“If money talks, the whole world’s about to hear me out/See, I’m a hustler’s hope, I’m not his pipe dreams/So when they speak of success, I’m what they might mean” — Jay-Z, “Go Crazy (Remix)”
It’s been more than 15 years since Jay-Z first told us, “I’m not a businessman, I’m a business, man!” And now that his corporate takeover has covered music, entertainment, sports, tech, cannabis, culture and more, it’s safe to say that his skills in the boardroom are almost as respected as his knack for hit-making. The Blueprint artist and billionaire has been lowkey using his business acumen and creative genius to conquer the luxury goods market with Armand de Brignac. The high-end champagne brand is so litty that Moët Hennessy, a subdivision of Louis Vuitton Moët Hennessy, just purchased a 50% stake in it.
Armand de Brignac, also known as Ace of Spades, will now be a part of LVMH’s family of world-renowned wines and spirits, joining the likes of status symbols such as Dom Pérignon, Hennessy and Moët & Chandon. The mogul that’s been behind liquor brands D’USSÉ and Armadale will retain a 50% stake in the champagne company he’s developed from the ground up. Hov first invested in Armand de Brignac in 2006 and by 2014 had purchased the rest of the company that now sells hundreds of thousands of gold and silver bottles annually.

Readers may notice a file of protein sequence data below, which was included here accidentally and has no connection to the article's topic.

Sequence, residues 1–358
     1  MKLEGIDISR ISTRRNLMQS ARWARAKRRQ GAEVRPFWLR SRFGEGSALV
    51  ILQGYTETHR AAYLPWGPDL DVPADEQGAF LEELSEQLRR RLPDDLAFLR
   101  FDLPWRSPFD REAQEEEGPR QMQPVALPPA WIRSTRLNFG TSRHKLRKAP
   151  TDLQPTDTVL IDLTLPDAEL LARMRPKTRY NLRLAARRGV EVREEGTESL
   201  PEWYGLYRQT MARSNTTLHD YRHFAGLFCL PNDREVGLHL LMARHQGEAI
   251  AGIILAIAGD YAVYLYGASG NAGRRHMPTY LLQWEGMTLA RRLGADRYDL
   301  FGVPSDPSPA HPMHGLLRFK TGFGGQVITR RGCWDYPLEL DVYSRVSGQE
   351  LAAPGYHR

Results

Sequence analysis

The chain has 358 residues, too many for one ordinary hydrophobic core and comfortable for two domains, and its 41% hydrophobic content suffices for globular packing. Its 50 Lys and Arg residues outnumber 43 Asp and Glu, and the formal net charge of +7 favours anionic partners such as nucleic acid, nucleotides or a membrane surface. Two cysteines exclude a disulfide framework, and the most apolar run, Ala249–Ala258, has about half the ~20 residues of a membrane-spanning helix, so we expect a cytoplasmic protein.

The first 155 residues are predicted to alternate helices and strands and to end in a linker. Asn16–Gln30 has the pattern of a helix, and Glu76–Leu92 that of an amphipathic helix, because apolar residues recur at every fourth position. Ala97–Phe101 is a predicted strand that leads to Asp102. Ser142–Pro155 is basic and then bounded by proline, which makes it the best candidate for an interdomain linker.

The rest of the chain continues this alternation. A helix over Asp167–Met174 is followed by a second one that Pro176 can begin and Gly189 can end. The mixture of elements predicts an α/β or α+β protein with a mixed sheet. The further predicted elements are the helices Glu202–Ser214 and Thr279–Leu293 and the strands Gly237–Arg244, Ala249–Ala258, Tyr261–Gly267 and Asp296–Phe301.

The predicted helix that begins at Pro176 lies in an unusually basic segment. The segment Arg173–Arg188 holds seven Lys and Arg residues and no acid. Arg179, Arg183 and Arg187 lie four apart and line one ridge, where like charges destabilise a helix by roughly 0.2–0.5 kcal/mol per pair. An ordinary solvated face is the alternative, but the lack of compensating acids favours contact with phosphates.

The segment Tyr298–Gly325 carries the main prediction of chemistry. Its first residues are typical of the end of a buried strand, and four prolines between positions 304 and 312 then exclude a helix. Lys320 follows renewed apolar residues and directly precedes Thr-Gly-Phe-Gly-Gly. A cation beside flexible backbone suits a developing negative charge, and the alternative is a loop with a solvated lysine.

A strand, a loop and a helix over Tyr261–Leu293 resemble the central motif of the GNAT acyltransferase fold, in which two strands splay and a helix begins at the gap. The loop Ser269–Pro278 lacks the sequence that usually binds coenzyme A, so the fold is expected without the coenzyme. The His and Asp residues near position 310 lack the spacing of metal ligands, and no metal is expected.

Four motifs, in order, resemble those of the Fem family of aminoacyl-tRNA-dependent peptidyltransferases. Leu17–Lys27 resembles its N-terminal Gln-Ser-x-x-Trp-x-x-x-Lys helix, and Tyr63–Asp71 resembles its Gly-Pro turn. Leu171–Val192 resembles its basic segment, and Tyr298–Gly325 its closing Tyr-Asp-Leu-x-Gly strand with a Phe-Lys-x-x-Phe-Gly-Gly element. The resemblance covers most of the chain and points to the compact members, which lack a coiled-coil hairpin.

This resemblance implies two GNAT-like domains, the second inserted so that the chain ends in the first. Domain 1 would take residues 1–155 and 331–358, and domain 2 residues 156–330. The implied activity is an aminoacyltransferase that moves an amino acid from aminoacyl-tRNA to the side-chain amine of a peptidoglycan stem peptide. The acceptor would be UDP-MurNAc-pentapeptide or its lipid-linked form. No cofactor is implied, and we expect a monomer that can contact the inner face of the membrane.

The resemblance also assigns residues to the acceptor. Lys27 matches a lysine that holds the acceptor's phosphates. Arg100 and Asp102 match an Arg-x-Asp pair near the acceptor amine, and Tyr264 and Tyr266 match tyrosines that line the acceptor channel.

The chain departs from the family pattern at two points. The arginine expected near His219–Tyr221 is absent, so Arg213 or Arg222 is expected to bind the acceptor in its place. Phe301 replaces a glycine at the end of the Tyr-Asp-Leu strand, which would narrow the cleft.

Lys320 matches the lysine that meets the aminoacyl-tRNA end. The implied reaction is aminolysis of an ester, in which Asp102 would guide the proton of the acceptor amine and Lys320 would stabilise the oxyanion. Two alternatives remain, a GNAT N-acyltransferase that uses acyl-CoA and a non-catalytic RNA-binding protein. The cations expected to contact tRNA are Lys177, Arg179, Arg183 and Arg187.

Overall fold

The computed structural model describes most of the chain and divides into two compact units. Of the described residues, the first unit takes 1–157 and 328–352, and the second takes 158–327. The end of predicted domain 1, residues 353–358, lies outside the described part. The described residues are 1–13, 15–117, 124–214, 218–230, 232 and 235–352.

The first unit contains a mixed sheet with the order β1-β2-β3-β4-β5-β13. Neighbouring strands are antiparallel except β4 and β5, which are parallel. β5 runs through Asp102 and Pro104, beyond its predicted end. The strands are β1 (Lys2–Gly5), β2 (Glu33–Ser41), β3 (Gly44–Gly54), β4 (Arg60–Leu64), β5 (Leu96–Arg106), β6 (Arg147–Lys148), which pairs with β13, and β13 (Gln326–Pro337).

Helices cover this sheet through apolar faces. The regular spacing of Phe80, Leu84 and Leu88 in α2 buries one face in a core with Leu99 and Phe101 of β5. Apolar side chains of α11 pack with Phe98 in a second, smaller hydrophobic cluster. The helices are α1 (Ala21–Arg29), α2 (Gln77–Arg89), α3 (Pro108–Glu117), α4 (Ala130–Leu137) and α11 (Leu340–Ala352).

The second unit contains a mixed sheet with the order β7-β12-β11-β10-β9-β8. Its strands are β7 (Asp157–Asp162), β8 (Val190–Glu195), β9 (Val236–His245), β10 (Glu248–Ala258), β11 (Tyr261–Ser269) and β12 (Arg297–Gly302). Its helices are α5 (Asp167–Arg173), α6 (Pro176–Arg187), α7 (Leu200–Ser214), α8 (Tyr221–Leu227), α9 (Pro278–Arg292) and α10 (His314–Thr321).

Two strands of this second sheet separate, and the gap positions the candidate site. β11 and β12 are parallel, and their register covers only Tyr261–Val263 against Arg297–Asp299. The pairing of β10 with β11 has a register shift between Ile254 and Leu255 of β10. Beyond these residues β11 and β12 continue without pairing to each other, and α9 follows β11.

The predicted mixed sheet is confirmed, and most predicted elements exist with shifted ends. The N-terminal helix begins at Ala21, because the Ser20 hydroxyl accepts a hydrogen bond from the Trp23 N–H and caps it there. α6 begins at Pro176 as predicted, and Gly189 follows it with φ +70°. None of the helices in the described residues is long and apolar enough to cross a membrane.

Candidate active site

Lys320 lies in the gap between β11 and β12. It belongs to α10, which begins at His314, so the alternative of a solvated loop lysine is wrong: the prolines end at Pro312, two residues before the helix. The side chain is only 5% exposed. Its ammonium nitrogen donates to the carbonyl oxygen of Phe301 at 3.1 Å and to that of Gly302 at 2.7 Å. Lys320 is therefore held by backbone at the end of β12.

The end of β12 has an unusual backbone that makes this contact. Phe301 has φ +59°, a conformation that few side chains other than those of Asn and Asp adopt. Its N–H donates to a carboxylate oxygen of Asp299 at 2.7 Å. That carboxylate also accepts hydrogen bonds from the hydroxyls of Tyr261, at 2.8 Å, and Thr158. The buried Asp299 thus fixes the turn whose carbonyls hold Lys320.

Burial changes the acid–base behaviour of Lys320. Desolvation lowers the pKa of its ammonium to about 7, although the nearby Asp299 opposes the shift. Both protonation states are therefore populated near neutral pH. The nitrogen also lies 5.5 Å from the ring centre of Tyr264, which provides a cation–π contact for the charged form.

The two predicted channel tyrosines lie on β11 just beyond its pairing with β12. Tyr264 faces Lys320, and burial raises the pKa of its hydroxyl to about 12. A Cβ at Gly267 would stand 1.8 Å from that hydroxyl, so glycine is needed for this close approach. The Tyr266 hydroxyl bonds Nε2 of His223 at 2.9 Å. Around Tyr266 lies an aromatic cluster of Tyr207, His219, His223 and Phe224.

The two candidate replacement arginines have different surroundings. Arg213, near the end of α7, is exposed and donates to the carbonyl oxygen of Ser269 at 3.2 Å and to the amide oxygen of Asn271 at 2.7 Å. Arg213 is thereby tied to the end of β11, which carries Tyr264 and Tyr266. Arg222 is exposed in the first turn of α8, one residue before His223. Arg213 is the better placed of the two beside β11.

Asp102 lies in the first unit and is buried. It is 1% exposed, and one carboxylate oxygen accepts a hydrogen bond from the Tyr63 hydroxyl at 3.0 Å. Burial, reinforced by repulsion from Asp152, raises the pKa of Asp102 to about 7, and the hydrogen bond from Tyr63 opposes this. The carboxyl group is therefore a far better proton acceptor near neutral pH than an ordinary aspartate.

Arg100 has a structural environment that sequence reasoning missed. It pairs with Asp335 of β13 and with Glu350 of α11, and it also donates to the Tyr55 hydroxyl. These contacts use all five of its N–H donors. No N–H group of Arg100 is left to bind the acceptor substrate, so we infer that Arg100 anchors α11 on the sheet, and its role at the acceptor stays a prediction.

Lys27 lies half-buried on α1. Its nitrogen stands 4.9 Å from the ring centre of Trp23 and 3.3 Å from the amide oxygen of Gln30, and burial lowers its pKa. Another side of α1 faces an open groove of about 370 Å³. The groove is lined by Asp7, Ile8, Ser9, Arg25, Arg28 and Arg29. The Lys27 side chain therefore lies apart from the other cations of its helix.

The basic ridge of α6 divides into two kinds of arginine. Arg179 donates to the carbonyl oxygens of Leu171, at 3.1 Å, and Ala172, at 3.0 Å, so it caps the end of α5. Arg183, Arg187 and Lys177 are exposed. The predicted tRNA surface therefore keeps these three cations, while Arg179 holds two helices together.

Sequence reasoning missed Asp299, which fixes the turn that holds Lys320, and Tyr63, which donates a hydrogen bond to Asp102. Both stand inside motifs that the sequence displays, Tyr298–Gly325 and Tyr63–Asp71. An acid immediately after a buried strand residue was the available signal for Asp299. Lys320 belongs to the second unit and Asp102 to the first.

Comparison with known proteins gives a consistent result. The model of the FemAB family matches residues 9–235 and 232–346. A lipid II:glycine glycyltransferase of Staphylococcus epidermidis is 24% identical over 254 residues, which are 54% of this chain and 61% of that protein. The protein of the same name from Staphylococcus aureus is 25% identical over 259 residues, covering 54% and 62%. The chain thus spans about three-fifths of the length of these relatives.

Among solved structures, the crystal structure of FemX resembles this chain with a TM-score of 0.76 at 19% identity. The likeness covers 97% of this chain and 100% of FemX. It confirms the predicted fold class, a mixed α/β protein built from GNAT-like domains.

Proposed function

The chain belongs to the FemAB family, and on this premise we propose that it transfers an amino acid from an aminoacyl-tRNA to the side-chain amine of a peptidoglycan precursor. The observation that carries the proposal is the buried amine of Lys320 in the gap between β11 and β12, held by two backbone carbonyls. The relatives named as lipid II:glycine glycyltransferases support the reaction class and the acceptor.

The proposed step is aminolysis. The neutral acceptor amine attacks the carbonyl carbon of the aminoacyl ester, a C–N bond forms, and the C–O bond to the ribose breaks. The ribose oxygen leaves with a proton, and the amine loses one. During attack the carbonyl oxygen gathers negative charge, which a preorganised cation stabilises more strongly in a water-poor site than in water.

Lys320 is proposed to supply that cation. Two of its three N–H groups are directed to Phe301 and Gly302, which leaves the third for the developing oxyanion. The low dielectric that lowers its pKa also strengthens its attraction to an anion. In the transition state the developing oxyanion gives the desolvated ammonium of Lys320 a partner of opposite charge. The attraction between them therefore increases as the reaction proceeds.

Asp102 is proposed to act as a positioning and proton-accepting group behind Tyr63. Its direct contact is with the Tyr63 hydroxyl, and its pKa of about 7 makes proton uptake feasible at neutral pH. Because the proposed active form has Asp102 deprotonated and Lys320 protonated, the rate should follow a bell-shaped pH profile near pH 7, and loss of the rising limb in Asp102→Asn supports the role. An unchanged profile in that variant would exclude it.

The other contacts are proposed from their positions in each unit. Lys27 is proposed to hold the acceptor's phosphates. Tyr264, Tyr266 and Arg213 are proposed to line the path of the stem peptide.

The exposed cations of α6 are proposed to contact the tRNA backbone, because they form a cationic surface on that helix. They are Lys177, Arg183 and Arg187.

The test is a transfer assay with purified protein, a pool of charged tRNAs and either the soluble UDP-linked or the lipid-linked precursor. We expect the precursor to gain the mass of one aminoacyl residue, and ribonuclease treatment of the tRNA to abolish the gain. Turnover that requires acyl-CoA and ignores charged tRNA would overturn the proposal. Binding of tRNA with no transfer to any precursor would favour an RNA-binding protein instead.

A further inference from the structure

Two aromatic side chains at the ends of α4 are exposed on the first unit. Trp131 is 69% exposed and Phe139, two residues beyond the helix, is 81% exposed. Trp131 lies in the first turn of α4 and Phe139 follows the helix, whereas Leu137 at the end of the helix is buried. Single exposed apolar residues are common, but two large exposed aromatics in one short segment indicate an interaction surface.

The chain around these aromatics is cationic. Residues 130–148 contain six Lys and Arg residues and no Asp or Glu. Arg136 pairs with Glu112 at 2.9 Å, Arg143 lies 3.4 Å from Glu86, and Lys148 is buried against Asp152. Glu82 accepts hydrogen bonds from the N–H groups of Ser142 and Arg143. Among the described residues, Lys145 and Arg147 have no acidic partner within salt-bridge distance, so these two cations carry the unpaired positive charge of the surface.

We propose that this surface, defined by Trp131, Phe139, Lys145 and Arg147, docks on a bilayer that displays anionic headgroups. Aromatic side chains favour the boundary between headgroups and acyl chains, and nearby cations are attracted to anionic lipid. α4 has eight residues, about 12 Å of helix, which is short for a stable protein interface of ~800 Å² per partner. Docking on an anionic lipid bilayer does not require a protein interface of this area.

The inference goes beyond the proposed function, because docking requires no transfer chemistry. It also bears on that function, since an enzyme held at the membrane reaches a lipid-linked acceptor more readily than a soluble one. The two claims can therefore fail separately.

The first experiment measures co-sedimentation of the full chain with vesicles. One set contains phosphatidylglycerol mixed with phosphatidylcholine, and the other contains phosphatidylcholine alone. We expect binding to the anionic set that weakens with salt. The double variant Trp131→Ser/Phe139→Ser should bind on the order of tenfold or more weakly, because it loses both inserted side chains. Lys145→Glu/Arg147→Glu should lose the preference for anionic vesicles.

The Hard Knock Life artist, entrepreneur and philanthropist discussed the game-changing deal that had been in the works since 2019 with Moët Hennessy’s CEO Philippe Schaus on CNBC’s Squawk Box. He explained that mutual respect was at the root of his decision to collaborate with the world’s leading luxury conglomerate. “We’re building luxury products and Moët Hennessy goes about it the same way, so we’re aligned in our thoughts of integrity and passion for the things that we build,” said the Roc Nation founder.
Prior to making a splash with Armand de Brignac, Jay-Z’s gold bottle of choice was Louis Roederer’s Cristal. He rapped about Cris in songs, popped bottles of Cris in videos and in 2006 began to boycott Cris. After learning that an executive representing the first champagne label he helped make cool wasn’t the biggest fan of his culture’s support, Hov decided to take his influence elsewhere.
“We were happy being consumers of this brand and as the universe would have it an opportunity came right shortly thereafter,” said the New York native. “It was just perfect to build our own thing.” And built he has.
Photo via Seth Browarnik/World Red Eye